HIV, AIDS, and Older People
Grace was dating again. George, a close family friend she had known for a long time, was starting to stay overnight more and more often. Because she was past childbearing age, Grace didn't think about using condoms. And because she had known George for so long, she didn't think to ask him about his sexual history. So, Grace was shocked when she tested positive for HIV.
What Is HIV? What Is AIDS?
Like most people, you probably have heard a lot about HIV and AIDS. You may have thought that these diseases weren't your problem and that only younger people have to worry about them. But anyone at any age can get HIV/AIDS.
HIV (short for human immunodeficiency virus) is a virus that damages the immune system-the system your body uses to fight off diseases. HIV infection leads to a much more serious disease called AIDS (acquired immunodeficiency syndrome). When the HIV infection gets in your body, your immune system can weaken. This puts you in danger of getting other life-threatening diseases, infections, and cancers. When that happens, you have AIDS. AIDS is the last stage of HIV infection. If you think you may have HIV, it is very important to get tested. Today there are drugs that can help your body keep the HIV in check and fight against AIDS. For more detailed information, please read the Human Immunodeficiency Virus article.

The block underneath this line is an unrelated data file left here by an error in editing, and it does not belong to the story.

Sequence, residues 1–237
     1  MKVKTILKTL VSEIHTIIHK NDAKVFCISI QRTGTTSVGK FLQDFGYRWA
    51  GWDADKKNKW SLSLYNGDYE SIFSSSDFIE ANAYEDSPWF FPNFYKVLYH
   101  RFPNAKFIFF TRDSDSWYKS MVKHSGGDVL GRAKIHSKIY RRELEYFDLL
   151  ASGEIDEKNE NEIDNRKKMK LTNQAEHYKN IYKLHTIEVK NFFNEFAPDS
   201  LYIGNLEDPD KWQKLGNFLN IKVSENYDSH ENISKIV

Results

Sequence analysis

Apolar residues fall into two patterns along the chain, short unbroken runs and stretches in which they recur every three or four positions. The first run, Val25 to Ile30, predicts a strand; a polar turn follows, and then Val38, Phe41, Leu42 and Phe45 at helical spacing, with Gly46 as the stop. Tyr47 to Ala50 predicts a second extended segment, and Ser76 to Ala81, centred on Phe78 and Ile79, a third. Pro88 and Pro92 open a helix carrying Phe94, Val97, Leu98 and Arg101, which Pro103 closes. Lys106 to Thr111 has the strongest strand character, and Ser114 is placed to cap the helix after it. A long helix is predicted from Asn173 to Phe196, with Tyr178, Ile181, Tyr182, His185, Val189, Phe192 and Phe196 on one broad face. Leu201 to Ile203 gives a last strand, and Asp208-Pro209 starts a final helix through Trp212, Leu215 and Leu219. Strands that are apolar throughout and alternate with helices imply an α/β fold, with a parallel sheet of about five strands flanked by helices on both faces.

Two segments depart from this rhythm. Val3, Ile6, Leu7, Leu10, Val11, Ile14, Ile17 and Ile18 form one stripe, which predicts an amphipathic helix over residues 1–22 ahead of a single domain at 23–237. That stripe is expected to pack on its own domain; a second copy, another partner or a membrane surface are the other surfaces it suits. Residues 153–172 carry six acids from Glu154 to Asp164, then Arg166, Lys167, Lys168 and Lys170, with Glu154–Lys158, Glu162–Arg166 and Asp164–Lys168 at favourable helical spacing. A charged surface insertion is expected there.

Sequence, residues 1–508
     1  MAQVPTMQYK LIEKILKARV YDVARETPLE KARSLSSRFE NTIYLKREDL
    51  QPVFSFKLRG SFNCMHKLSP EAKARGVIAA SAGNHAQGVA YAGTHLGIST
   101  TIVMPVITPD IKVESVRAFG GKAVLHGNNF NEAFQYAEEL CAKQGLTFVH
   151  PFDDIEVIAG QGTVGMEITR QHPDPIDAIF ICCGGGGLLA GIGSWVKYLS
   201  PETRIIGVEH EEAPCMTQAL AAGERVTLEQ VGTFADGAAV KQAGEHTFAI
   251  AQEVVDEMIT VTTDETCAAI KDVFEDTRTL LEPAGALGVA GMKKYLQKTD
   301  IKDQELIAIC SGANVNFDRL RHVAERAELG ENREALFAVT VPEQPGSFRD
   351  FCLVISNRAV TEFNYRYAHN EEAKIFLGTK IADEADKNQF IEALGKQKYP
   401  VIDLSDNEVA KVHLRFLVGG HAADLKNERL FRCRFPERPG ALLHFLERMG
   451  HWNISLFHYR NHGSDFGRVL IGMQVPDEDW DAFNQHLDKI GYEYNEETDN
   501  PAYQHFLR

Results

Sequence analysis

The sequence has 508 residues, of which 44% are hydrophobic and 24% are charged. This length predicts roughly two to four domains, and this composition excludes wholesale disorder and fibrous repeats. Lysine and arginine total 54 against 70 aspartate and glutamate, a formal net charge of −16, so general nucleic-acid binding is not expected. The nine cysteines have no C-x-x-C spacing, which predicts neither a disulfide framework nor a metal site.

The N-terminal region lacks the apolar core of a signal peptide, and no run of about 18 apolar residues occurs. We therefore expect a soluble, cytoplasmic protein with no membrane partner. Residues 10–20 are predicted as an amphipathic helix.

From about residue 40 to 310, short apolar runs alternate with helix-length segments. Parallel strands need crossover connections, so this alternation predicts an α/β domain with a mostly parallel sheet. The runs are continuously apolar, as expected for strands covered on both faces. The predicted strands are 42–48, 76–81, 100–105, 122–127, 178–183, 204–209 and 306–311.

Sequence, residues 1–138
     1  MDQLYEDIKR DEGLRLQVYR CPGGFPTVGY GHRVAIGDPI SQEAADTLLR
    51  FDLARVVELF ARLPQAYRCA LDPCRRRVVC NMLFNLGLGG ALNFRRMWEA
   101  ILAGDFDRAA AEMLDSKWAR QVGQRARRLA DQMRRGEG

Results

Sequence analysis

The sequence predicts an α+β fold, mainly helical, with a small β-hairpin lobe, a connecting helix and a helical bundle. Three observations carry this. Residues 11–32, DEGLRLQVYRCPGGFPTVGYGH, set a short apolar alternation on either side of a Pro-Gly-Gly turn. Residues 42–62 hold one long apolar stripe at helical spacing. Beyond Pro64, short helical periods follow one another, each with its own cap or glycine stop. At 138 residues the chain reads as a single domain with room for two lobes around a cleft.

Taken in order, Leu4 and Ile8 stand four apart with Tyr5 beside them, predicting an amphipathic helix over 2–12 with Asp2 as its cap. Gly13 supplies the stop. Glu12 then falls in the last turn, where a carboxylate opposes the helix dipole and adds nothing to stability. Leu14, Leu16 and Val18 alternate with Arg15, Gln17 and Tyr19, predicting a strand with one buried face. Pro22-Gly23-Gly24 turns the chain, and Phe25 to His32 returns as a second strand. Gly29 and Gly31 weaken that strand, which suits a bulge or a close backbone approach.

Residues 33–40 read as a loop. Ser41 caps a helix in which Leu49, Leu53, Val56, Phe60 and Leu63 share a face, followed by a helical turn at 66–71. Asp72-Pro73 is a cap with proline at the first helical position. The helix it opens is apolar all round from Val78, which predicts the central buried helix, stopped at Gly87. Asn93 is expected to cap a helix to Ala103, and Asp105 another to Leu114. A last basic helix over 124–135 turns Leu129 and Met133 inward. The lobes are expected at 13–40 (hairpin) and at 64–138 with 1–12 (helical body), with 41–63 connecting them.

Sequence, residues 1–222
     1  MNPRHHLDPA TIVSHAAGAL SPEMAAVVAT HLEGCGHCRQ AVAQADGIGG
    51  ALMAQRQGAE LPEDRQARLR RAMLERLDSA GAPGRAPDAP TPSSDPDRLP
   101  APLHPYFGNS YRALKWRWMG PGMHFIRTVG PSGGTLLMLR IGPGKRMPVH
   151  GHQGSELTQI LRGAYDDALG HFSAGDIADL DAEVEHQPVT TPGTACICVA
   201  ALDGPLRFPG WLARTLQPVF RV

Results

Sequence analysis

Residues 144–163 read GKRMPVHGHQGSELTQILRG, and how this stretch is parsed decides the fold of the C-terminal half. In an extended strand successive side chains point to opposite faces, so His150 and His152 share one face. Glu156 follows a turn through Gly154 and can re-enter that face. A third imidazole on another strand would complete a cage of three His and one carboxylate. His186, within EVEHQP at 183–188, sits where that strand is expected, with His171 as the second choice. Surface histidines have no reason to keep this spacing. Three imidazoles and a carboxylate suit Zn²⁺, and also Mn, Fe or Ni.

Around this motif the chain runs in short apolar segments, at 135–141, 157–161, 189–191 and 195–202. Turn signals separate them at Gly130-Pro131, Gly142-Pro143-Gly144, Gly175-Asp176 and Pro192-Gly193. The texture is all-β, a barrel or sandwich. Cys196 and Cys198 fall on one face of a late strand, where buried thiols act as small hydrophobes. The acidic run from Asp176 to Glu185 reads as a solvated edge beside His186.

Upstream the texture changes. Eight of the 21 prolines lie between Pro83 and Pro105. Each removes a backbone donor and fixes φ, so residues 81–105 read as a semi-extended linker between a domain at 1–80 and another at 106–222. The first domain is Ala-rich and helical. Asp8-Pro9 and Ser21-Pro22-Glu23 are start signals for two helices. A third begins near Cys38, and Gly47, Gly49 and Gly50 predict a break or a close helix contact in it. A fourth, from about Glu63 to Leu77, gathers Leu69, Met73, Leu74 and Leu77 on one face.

What Are the Symptoms of HIV/AIDS?
Many people have no symptoms when they first become infected with HIV. It can take as little as a few weeks for minor, flu-like symptoms to show up, or more than 10 years for more serious symptoms to appear. Signs of HIV include headache, cough, diarrhea, swollen glands, lack of energy, loss of appetite and weight loss, fevers and sweats, repeated yeast infections, skin rashes, pelvic and abdominal cramps, sores in the mouth or on certain parts of the body, or short-term memory loss.
Getting Tested for HIV/AIDS
You can now also test your blood at home. The "Home Access Express HIV-1 Test System" is made by the Home Access Health Corporation. You can buy it at the drug store. It is the only HIV home test system approved by the Food and Drug Administration (FDA) and legally sold in the United States. Other HIV home test systems and kits you might see on the Internet or in magazines or newspapers have not been approved by FDA and may not always give correct results.
How Do People Get HIV and AIDS?
Anyone, at any age, can get HIV and AIDS. HIV usually comes from having unprotected sex or sharing needles with an infected person, or through contact with HIV-infected blood. No matter your age, you may be at risk if:
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